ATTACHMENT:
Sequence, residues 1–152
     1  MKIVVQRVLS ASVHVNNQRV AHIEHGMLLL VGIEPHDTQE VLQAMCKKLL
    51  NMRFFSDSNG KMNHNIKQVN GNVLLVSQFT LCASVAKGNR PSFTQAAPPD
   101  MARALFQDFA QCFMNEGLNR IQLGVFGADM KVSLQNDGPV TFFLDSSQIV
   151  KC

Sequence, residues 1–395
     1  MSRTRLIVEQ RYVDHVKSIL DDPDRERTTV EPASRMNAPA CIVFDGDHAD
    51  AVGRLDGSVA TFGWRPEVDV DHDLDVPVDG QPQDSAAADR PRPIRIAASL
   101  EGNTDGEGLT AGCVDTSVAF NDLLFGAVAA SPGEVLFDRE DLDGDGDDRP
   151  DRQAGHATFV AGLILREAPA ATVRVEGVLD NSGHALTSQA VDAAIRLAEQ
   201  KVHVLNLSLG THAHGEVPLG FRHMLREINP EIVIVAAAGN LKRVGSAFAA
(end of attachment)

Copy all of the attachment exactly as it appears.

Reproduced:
Sequence, residues 1–152
     1  MKIVVQRVLS ASVHVNNQRV AHIEHGMLLL VGIEPHDTQE VLQAMCKKLL
    51  NMRFFSDSNG KMNHNIKQVN GNVLLVSQFT LCASVAKGNR PSFTQAAPPD
   101  MARALFQDFA QCFMNEGLNR IQLGVFGADM KVSLQNDGPV TFFLDSSQIV
   151  KC

Sequence, residues 1–395
     1  MSRTRLIVEQ RYVDHVKSIL DDPDRERTTV EPASRMNAPA CIVFDGDHAD
    51  AVGRLDGSVA TFGWRPEVDV DHDLDVPVDG QPQDSAAADR PRPIRIAASL
   101  EGNTDGEGLT AGCVDTSVAF NDLLFGAVAA SPGEVLFDRE DLDGDGDDRP
   151  DRQAGHATFV AGLILREAPA ATVRVEGVLD NSGHALTSQA VDAAIRLAEQ
   201  KVHVLNLSLG THAHGEVPLG FRHMLREINP EIVIVAAAGN LKRVGSAFAA